A detonation gun is a device used in depositing ceramic coating and material varieties into a workpiece at high speed by controlling the detonation of acetylene and oxygen. Detonation gun spraying is known to provide wear resistance, microstructure, and hard coatings.
This process is highly preferable when mechanical properties and extraordinary wear is needed. The end result of this method is an outstanding strength bond and density.
Some of the typical applications required for this process include knife seals, which generate power, fan blades to be used in aviation engines, turbine brads, steel rollers, and extruders.
- A mixture of powder, gas, and oxygen is ignited inside a gun barrel.
- By the use of nitrogen, the gun barrel is purged between detonations.
- The feed rate page from 0.5 to 12 kilograms per hour.
- The spraying distance should be maintained from 50 to 200mm.
The process is considered to have the highest velocity, which gives extreme adhesive strength. The coated surface contains impressive residual stress. It is used largely in applications like abrasion coating and also used to prevent corrosion.
- High adhesion
- Low porosity of less than one percent
- High feed rate ranging from 12 kg per hour
- High carbides retention as compared to flame and plasma spraying
- Hard to use on low-density materials
- Noise level of up to 140 dB
- Requires sealed boxes
Cold Spray Process
This kind of process works by introducing deformable particles to a supersonic heated stream of gas. The flow containing deformable particles is later directed into a substrate. The coating formed is deposited through a process of impaction.
Unlike other methods, the particles are not heated at all; instead, the gas is the one that gets burned. This action achieves a more swift flow speed. The process uses low temperatures of 100-500°C. This is done to the gas stream, which exists through the nozzle.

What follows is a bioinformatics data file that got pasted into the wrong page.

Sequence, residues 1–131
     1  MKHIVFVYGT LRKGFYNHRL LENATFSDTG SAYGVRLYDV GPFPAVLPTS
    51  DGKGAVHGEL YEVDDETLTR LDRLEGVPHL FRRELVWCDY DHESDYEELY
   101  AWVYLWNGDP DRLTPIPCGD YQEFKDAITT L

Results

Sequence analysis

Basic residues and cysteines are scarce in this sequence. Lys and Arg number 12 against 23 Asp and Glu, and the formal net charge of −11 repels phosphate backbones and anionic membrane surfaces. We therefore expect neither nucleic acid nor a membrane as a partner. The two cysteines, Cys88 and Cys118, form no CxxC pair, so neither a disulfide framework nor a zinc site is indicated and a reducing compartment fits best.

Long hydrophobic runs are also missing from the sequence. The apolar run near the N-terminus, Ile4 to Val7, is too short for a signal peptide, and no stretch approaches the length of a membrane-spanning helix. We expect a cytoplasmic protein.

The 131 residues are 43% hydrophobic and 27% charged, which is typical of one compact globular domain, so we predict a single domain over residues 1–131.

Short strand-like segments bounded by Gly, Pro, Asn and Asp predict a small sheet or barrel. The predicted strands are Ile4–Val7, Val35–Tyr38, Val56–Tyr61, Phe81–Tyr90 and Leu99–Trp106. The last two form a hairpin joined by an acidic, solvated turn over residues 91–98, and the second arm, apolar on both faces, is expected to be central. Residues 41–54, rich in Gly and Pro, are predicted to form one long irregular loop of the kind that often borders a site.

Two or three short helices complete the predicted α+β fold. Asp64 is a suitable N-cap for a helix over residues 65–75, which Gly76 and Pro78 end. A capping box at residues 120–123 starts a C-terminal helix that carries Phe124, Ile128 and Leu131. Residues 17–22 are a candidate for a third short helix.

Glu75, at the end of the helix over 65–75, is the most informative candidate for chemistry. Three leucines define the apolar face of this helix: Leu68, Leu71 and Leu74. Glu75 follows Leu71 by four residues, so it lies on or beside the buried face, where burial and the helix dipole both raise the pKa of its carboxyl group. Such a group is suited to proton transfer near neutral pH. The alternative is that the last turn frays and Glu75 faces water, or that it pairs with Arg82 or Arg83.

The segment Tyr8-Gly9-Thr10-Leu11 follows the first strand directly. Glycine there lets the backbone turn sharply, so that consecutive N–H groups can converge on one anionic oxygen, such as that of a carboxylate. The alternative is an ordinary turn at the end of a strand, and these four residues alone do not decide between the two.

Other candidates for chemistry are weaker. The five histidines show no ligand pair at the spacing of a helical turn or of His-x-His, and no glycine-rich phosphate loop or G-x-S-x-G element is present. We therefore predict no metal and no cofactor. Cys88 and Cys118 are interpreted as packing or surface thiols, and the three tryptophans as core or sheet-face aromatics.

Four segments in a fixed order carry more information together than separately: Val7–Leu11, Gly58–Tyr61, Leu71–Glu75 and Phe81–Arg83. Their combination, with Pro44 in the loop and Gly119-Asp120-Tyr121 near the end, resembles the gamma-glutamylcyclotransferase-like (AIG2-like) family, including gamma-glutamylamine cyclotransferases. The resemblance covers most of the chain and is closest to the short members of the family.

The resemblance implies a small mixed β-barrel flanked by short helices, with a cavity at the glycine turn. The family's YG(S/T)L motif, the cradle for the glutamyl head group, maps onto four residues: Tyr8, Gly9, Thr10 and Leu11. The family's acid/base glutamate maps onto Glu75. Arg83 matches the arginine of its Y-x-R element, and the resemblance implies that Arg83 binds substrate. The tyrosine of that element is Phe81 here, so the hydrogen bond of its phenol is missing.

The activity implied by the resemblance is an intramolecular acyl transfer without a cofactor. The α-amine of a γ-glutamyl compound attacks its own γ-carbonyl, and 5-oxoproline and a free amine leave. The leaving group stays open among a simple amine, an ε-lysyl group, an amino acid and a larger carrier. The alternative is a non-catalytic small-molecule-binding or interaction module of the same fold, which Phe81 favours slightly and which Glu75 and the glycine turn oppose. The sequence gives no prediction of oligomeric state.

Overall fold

This process mostly relies on enough energy able to cause plastic deformation towards the substrate and the particle. Metals such as aluminum, copper, stainless steel, alloys, and titanium limit a present coating.
The machine setting can profoundly affect the final weld result. The unit requires high voltages of 27-37 volts.
- Ensure you have all the chemicals then do the vapor degreasing.
- Baking of porous material follows.
- Once done, ultrasonic cleaning takes place accompanied by wet or dry abrasive blasting
- 2 hours of rest is emphasized before spraying. Dry grit blasting or macro roughening can be used.
- The deposit at the lowest temperature is then sprayed on the surface to be worked on, allowing the particles to rest on each other, giving out a uniform spray.
- Light melting of particles at low temperatures
- Slight oxidation
- Cold work microstructure causes tough hardness
- Low heat input
- Produces minimal spatter
- Versatile since it can use plastics, ceramics, and a variety of metals.
- Consumes high volumes of gas
- Hard ceramics must be sprayed by the use of ductile binders
There are so many ways through which this kind of process can be used. Some of these include protection against corrosion, solders replacement, and purity coating. For a perfect bonding, you have to use high verbosity on impact during when spraying.
Thermal spray welding processes are highly used in different industries. In a nutshell, all the coating consists of a molten powder and a wire. The liners are exposed to oxy- or plasma-type fuel combustion. The heat produced by the spraying device powers the heated mixture.
The mixture is then sprayed onto various surfaces compatible with the kind of process you are using, retaining a firm and consistent coating. As reviewed by this article, these thermal spray weldings have a broad spectrum of uses on various applications. These applications include buildings, airplane coating, and others.
The main purpose of welding through sprays is to protect the surface from extreme conditions like chemicals, temperature, and other external conditions like rain and humidity. Since there are 5 of these processes, you can use the methods you feel most comfortable with. They all provide excellent results if everything is done according to the instructions.